Guest post by Nicole Seymour
While researching my Object Lessons series book on glitter, I learned the surprising fact that one of the major commercial uses for this substance is in fishing lures. After finishing the book, I decided to investigate this phenomenon a bit deeper—and fell down what can only be described as a rabbit hole into another world.
First off, fisherpeople seem to speak an entirely different language than I do. When searching for lures on the Bass Pro Shop Web site, for instance, I found such products as a “Z-Man Chatterbait Jack Hammer Ever Green Custom Bladed Jig” and a “Strike King Bitsy Bug Mini Jig.” I learned that here are soft baits, hard baits, things called spinnerbaits, and things called buzzbaits. I also learned that lures go beyond artificial fish to include artificial eggs. One product, Pautzke’s® Silver Label Balls O’Fire® Salmon Eggs, consists of small, bright red balls flecked with silver glitter.
I’ve since started to feel as if the fishing lure deserves its own Object Lessons book. But until then, here are a few observations. First, there’s something delightful about the fact that glitter’s appeal crosses species boundaries; fish and humans are equally drawn to it. Second, the fact that a pursuit as masculine and “natural” as fishing depends on something as feminine and artificial as plastic glitter helps to break down the boundaries between those aforementioned designations.
In my book, I discuss how glitter and personal adornment more broadly are stigmatized as frivolous when employed by women, children, queer people, and other marginalized groups. Not so when it comes to fishing, as far as I can tell. (The “Great Glitter Backlash,” as I term the recent set of viral stories about plastic glitter being bad for the environment, was not matched by any “Great Fishing Lure Backlash.”) Further, as scholars have previously argued, the nature-culture binary is no longer tenable, if it ever was, and fishing lures exemplify that scenario perfectly.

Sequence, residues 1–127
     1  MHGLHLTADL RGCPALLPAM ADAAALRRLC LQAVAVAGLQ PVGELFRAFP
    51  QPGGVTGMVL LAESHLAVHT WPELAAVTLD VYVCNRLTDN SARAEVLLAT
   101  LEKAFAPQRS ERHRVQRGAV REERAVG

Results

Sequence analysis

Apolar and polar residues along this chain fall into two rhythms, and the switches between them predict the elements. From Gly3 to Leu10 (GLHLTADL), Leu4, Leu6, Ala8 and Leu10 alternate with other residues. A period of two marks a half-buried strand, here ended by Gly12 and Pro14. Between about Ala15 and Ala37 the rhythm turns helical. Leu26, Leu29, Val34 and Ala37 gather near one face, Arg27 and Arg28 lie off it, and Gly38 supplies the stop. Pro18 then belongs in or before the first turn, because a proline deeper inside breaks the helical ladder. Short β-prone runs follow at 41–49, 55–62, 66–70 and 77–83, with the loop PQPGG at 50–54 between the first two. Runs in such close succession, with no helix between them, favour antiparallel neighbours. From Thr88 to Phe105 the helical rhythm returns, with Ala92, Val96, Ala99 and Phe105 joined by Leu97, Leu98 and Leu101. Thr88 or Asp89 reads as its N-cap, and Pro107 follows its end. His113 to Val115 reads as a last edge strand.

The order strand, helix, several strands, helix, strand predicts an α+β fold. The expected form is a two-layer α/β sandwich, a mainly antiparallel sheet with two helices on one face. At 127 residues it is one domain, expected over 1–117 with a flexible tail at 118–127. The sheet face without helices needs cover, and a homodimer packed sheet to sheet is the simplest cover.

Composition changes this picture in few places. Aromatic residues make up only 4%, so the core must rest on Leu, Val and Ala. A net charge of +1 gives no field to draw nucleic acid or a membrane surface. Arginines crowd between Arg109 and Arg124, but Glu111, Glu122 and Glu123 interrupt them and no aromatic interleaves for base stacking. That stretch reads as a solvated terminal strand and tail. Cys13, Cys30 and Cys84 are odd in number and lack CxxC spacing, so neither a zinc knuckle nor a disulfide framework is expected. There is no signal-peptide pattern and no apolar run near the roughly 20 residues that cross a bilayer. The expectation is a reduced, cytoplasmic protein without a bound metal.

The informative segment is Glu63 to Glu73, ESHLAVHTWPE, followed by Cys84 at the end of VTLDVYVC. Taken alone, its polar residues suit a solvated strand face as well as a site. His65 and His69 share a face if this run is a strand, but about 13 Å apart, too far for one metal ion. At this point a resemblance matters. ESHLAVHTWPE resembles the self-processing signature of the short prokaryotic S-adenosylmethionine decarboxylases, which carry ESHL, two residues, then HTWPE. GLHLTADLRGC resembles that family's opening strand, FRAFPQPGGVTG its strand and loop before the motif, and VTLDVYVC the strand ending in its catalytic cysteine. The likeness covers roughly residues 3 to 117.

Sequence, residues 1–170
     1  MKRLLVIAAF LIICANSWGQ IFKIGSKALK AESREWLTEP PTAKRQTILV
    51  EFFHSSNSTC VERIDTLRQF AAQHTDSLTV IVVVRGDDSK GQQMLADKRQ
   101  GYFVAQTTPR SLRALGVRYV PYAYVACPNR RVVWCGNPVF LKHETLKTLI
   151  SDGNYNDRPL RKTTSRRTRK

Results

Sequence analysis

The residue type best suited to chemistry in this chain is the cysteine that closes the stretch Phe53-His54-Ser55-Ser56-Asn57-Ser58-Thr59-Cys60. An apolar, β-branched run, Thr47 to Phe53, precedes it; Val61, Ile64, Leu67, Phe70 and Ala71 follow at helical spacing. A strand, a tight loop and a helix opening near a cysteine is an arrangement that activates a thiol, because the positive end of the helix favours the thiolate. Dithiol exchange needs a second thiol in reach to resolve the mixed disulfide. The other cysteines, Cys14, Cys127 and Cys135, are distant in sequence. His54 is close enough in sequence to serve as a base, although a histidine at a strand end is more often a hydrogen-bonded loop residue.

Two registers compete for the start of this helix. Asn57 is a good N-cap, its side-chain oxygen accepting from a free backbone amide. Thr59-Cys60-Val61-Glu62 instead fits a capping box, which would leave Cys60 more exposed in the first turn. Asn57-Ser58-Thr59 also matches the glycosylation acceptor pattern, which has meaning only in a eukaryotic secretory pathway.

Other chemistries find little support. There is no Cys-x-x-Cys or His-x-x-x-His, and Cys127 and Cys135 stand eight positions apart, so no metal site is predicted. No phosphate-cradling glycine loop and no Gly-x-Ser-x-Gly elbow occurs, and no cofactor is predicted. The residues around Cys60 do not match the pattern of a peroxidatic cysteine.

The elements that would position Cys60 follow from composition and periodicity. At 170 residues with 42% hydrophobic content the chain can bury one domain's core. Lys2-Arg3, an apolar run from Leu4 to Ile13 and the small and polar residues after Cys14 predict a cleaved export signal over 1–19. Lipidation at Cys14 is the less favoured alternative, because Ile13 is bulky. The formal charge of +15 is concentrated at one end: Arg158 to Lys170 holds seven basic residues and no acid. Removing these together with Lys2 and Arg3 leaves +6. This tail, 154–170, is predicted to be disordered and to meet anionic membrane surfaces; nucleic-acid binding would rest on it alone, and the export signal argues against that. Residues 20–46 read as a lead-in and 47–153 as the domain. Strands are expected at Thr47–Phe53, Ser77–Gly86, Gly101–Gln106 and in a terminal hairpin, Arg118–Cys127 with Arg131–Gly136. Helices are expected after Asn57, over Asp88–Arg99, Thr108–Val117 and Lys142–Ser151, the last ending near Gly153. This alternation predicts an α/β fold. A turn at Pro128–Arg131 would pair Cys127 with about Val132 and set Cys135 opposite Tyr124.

Finally, I am intrigued by the surprisingly erotic language around fishing lures. Permit me a brief close reading of another product from Bass Prop Shops: a soft plastic lure that resembles a small squid—or, let’s be honest, a sex toy—which retails for $4.79 and comes in colors ranging from “Green Pumpkin Orange Roadkill” to my favorite, “Pink Pepper/Clear Sparkle.” The Web site describes this product as “[a] smaller version of our Tender Tube®, the Bass Pro Shops® Bass Teaser™ Tube” and “a must for northern fishermen looking to limit out on smallmouths, or any angler faced with the need to downsize.”
Now, here’s where things get super-erotic: “Its durable body features high-action tentacles that seductively wiggle on the fall and breathe on the pause, triggering quick strikes at any point in the retrieve. Salt-impregnated to hold the bite.” If that weren’t enough to convince you, a set of bullet points below the description emphasizes, “Seductive action at all times.”
Given glitter’s perennial appeal and its use in products ranging from lures to automotive paint to sunscreen to coffins (really!), perhaps “seductive action at all times” should be this object’s slogan.
Nicole Seymour is Associate Professor of English at California State University, Fullerton, USA. She is the author of 3 books, including Strange Natures: Futurity, Empathy, and the Queer Ecological Imagination (2013; Winner, 2015 Book Award for Ecocriticism from the Association for the Study of Literature and Environment) and Bad Environmentalism: Irony and Irreverence in the Ecological Age (2019, Finalist, Book Award for Ecocriticism from the Association for the Study of Literature and Environment; “Best Nature Writing of 2018” list in the Chicago Review of Books). Glitter is part of the Object Lessons series.